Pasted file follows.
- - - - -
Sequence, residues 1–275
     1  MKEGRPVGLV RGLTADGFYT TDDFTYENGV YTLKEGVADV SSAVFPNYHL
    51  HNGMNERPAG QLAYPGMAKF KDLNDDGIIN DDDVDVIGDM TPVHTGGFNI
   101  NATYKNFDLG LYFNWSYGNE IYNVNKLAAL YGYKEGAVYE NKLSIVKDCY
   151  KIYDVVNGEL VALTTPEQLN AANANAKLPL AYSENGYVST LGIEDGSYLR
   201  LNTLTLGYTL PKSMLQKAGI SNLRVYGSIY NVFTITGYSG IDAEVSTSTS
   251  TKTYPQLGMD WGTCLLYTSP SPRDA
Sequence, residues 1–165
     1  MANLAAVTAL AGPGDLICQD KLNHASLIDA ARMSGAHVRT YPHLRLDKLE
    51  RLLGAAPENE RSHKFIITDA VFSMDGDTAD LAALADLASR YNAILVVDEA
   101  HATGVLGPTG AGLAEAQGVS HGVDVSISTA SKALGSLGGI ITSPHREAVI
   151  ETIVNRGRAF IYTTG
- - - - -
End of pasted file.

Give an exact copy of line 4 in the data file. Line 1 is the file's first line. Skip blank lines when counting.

   101  NATYKNFDLG LYFNWSYGNE IYNVNKLAAL YGYKEGAVYE NKLSIVKDCY